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As the saying goes, a journey of a thousand miles starts with a single step.

When it comes to addressing the shortage of affordable housing, it’s a long journey with no easy answers. But I’m encouraged that the County Council has taken a step toward acknowledging the problem and examining underlying causes and potential solutions.

That step came during an approximately 70-minute discussion at our last council meeting, where the challenges were laid out in very clear and unmistakable terms.

In short, there simply aren’t nearly enough affordable housing options for Volusia County residents who are in the low-, very low- or extremely low-income categories. What’s affordable?

By most measures, affordable is where housing expenses account for no more than 30 percent of your income. For far too many, this is simply unattainable. If they’re not homeless, they’re cost-burdened — spending so much of their income to keep a roof over their head that it doesn’t leave enough to cover other bills and necessities. And that just leads to family poverty that’s passed on from one generation to the next.

So how do you break the cycle? That will be the topic of discussion at an upcoming series of virtual workshops, breakout sessions, an in-person summit and follow-up work groups that are in the planning stages. 

The goal is to spark community partnerships, affordable housing projects and prosperity initiatives to ensure an adequate supply of workforce housing and a path out of poverty.

Generational poverty is a difficult problem to solve. There are many root causes, and certainly unaffordable and unattainable housing is one of them. For many, affordable housing is simply out of reach or nonexistent. For others, they might be able to afford housing, but there are other nonfinancial barriers. For instance, they might have a credit problem, bankruptcy or previous eviction on their record that could make it difficult to get a lease, even if they have the money.

Another problem we see is where someone who’s receiving financial assistance gets a promotion or better-paying job and then no longer qualifies for the assistance, bringing them right back to where they started. Some call this the fiscal cliff. My hope is that we can find a way to continue to help and transform that cliff into a bridge to opportunity for low-income residents working to improve their circumstances.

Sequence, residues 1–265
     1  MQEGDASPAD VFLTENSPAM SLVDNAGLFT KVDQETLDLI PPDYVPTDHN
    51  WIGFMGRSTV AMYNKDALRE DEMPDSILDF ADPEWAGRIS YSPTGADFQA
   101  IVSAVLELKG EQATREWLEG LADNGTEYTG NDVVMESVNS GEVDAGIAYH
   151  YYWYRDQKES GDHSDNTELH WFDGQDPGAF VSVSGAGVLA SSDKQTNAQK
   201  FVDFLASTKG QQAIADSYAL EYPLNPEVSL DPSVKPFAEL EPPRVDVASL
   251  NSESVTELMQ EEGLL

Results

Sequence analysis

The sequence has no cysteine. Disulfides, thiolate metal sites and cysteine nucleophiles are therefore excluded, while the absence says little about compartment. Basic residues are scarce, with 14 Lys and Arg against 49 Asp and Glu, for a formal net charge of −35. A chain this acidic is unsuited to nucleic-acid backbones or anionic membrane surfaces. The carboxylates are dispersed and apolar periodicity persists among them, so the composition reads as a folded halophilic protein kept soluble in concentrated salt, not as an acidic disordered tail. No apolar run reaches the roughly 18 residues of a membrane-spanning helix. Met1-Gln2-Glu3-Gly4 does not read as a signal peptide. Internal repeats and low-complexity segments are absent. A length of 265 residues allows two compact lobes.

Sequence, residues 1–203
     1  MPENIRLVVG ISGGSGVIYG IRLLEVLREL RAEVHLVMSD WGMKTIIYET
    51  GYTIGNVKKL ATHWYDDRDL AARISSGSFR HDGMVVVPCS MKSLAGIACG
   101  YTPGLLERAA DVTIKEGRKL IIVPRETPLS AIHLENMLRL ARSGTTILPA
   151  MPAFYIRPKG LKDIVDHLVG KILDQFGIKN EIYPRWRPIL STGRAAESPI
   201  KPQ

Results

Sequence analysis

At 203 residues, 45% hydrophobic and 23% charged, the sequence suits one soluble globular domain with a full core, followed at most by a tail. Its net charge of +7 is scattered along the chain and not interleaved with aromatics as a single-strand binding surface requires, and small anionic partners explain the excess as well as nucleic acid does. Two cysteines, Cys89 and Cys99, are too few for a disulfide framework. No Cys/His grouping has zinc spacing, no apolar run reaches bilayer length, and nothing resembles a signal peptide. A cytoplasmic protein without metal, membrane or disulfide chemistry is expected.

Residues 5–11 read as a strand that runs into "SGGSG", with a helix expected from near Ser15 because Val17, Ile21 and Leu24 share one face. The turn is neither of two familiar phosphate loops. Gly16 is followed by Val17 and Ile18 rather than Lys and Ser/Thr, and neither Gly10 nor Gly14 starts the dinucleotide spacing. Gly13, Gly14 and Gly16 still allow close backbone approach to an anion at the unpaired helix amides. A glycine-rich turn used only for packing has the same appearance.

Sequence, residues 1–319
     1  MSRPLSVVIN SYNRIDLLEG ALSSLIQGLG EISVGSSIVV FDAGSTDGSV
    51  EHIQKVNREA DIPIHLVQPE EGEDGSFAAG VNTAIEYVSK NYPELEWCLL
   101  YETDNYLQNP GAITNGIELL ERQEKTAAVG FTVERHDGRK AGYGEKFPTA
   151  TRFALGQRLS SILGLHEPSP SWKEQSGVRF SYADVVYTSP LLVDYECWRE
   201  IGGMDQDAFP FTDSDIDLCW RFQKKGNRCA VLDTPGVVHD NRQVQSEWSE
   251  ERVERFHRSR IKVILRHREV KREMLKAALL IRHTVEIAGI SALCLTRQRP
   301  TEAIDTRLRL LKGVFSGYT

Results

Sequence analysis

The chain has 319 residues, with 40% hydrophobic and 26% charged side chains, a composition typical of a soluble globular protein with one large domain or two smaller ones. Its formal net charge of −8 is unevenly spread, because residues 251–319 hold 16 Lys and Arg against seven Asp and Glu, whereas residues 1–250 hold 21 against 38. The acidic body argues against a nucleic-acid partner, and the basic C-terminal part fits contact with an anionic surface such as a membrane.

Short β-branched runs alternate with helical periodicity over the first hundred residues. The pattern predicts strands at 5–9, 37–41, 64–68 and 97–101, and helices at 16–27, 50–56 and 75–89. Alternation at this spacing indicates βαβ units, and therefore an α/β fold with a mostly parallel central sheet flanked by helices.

I have a great deal of respect for the consistent and persistent commitment of the FAITH group — Fighting Against Injustice Towards Harmony — to keep affordable housing a front-burner issue. 

At this point, everything is on the table for discussion. We’re going to be looking at housing trusts and community land trusts, trying to identify a dedicated source of funds to support affordable housing and reaching out to other communities that have tackled this problem for examples of best practices and successful initiatives. 

We’re going to see if there are inducements the county can offer to be a catalyst for change. And we’re going to work with community partners like financial institutions, One Voice for Volusia, the Florida Housing Coalition, and our Affordable Housing Advisory Committee for help in developing new ideas, new approaches and a plan of action.

Too often, discussions of tough issues end with no resolution. This time, I’m optimistic. Somehow, the discussion at the last County Council meeting seemed different. 

The hardest part of this journey — taking that first step — is done. I remain a staunch advocate for action on this issue. And the time for action is now!

— Girtman, of DeLand, represents District 1 on the Volusia County Council.


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